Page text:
Ukraine Protesters Angry With Gov't; Vitaly Klitschko Urges Resignations

Image: Ukraine Protesters Angry With Gov't; Vitaly Klitschko Urges Resignations Ukraine’s opposition leader Vitaly Klitschko, left, walks past police to address protestors.

Monday, 02 Dec 2013 04:37 PM

By Morgan Chilson

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Weeklong protests in Ukraine continued Monday with thousands of people swarming government buildings in the capital, angry with officials who cut off a deal with the European Union and demanding the prime minister and cabinet resign.

As Ukraine’s President Viktor Yanukovych reached out to the European Commission to discuss any issues with the EU agreement, he was seeing members of his party defect and facing a possible loss of confidence vote this week, The Associated Press said. It would take 226 votes to oust Prime Minister Mykola Azarov and the cabinet.

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Ukraine’s opposition leader Vitaly Klitschko took the opportunity to talk with the thousands of protesters thronging Kiev.

“The government and the president should resign,” Klitschko said, according to Reuters. “They stole the dream. If this government does not want to fulfill the will of the people, then there will be no such government, there will be no such president. There will be a new government and a new president.”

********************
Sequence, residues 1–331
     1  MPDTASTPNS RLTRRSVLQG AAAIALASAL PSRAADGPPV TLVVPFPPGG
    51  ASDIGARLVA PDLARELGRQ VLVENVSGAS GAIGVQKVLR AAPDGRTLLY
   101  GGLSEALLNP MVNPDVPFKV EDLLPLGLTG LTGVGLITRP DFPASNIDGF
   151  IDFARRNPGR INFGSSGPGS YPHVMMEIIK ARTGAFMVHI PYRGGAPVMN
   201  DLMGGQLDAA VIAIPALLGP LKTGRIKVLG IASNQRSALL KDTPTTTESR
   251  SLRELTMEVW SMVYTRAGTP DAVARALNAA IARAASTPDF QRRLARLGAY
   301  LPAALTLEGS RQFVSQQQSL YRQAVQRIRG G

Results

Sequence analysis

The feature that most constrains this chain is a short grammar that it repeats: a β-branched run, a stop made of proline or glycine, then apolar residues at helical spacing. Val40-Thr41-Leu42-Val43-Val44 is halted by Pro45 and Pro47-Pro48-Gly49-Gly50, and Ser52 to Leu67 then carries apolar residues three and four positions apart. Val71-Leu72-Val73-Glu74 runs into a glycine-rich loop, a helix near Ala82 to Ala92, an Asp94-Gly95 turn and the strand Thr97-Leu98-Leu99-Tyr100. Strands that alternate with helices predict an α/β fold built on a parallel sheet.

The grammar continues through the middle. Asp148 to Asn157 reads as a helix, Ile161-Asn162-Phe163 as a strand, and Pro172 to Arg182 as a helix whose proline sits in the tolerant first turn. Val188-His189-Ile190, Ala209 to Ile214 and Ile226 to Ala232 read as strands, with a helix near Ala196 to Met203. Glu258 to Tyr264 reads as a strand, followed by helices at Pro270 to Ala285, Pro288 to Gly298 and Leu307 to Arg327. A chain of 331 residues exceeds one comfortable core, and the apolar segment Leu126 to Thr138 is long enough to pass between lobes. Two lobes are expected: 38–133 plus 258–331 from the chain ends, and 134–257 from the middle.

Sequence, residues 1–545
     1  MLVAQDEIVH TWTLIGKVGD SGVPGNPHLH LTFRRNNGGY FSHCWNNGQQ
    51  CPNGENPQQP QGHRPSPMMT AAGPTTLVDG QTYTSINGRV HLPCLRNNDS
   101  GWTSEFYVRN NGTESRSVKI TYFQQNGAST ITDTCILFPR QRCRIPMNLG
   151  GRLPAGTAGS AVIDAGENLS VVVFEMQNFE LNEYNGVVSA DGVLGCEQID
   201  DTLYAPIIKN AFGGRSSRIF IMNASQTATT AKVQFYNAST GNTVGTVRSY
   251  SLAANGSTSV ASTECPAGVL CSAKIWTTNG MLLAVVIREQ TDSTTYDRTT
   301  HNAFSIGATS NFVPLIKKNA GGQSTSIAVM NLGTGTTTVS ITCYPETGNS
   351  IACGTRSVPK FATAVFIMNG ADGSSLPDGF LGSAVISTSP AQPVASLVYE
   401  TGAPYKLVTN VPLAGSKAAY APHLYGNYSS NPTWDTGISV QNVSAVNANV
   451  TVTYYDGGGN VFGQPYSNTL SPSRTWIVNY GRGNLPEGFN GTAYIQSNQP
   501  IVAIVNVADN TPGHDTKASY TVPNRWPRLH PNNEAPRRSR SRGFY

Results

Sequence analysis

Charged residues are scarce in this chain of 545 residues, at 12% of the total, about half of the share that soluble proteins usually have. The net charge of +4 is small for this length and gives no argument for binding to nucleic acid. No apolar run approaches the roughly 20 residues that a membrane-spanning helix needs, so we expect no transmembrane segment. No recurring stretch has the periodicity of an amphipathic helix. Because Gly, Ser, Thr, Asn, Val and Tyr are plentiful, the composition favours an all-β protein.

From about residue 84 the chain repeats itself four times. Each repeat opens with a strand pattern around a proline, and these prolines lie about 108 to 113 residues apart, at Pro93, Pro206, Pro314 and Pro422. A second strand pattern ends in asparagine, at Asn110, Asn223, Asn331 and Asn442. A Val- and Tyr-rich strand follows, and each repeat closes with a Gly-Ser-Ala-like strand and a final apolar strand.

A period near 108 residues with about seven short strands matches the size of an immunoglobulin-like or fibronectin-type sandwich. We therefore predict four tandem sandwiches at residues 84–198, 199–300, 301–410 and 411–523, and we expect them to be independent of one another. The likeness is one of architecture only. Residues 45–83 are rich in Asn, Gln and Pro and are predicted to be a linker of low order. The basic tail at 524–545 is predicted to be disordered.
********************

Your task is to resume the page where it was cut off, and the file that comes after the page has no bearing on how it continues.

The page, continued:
The protests, which turned violent Saturday when police used force to break up demonstrations, are pushing the EU talks back on track, with Polish President Bronislaw Komorowski telling the AP that there would be a meeting with Ukraine’s first deputy prime minister, Serhiy Arbuzov.

Surveys before the last week of protests found that 45 percent of Ukrainians favor working with the EU rather than with Russia, the AP said. Those numbers may have shifted even further in favor of EU ties because of the anger and police violence.

The turmoil is occurring at a critical point for Ukraine’s economy, which has been in a recession for a year.

"The blockade of government offices and the National Bank of Ukraine, and the risk of a general strike, leaves me concerned now over Ukraine's ability to pay its way in the very short term,” Tim Ash of the Standard Bank in London told the AP.

Social media featured images of the protests, including video posted to YouTube of violence. (Warning: Video link contains extreme violence, explosions, and graphic scenes.)

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